The October SAT is a popular testing administration among high school seniors because it is one of the last opportunities they have to polish their academic image before applying to college. However, high school juniors should also consider taking the October SAT. Although high school counselors recommend taking the SAT during the spring of their junior year, there is no sound logic to this recommendation. The argument is that spring of junior year is an ideal time to take the SAT because most students have taken Algebra II, the highest level of math tested on the SAT.
But if students know SAT prep strategies, they need 0 knowledge of Algebra II to ace the exam! In addition, spring of junior year is one of the busiest times of high school – AP exams, finals, junior prom, etc.. I personally recommend finding a time that you are not very busy with classes so that you can focus on SAT prep. For example, most students are not super busy in September when school has just started, which is the perfect time to study for the SAT and take the October SAT!
The other major benefit for juniors preparing for the October SAT is that they will also be prepared for the PSAT. The SAT is administered in the first week of October and the PSAT is administered in the second week of October. The PSAT is just an easier version of the SAT: fewer sections, easier math, and no essay. If you prepare for the SAT, you will be over prepared for the PSAT. You can kill two birds with one stone by not having to study separately for the SAT and PSAT.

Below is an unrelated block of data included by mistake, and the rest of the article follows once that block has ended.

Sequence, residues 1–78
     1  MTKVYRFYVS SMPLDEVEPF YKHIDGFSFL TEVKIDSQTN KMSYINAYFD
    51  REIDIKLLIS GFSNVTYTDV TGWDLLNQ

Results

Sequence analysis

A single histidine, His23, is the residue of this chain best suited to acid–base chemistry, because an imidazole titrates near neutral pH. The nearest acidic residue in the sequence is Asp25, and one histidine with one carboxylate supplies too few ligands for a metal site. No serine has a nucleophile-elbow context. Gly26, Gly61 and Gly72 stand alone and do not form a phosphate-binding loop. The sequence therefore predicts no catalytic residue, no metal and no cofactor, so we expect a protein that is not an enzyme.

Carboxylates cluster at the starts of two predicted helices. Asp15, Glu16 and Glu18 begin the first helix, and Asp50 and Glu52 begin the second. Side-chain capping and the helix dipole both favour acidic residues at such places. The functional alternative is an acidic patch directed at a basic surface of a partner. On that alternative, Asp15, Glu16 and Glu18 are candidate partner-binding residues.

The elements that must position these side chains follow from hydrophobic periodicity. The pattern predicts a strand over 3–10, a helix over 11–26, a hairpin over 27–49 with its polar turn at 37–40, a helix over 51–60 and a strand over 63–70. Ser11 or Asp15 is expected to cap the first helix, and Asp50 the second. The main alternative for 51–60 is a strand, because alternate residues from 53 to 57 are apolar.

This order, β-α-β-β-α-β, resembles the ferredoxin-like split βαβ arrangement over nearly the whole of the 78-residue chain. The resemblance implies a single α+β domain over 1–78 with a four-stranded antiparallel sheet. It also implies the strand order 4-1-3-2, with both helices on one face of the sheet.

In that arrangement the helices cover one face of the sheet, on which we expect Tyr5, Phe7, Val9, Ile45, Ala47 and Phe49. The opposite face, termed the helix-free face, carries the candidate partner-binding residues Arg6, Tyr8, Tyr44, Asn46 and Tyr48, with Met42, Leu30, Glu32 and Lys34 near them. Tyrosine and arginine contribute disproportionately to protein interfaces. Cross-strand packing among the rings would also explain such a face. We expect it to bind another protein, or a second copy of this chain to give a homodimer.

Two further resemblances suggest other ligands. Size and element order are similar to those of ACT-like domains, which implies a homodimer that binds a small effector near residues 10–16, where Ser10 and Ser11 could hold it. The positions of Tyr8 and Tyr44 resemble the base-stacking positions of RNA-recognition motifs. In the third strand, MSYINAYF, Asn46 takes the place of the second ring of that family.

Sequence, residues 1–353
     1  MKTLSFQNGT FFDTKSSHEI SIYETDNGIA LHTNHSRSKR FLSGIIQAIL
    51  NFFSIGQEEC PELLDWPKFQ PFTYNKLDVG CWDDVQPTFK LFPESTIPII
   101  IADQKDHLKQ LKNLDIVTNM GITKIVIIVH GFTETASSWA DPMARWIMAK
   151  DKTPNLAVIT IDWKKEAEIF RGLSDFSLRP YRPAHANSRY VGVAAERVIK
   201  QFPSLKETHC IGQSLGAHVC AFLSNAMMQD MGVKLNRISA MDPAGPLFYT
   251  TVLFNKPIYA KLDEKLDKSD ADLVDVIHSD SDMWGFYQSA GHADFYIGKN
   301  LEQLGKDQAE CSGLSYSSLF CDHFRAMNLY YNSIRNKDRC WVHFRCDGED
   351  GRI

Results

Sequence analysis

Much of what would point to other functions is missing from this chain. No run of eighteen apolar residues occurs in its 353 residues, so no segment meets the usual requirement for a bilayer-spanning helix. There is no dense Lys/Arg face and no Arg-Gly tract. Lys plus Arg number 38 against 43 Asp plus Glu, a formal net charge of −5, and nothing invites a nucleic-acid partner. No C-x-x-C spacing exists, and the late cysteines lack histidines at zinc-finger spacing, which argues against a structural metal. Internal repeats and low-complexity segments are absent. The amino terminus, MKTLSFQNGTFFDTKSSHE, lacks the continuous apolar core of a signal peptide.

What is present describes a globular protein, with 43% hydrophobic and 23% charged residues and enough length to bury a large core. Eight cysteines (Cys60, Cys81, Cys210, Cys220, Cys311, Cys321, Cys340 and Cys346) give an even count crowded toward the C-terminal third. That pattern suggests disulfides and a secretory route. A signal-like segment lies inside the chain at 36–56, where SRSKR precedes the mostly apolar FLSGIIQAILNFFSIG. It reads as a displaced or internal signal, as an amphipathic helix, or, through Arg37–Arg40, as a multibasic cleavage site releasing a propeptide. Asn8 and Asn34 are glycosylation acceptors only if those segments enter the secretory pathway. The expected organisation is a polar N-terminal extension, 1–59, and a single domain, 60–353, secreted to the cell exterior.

The PSAT is important because it is also the National Merit Scholarship Qualifying Test.
By scoring high on the PSAT, you can be designated as a National Merit Scholar. Not only is this a big honor to have on your college applications, but many universities have half-tuition and full-tuition scholarships reserved exclusively for National Merit Scholars. For example, my alma mater USC, automatically gives National Merit Scholars a half-tuition scholarship. This means they’ll give you $100,000 (over 4 years of college) just because you scored high on the PSAT!
You only have one shot to take the PSAT: October of junior year. If you took the PSAT as a sophomore, the score does not count towards qualifying for National Merit. How high you have to score for National Merit depends on the state you live in. More academically competitive states have higher cutoffs to qualify for National Merit.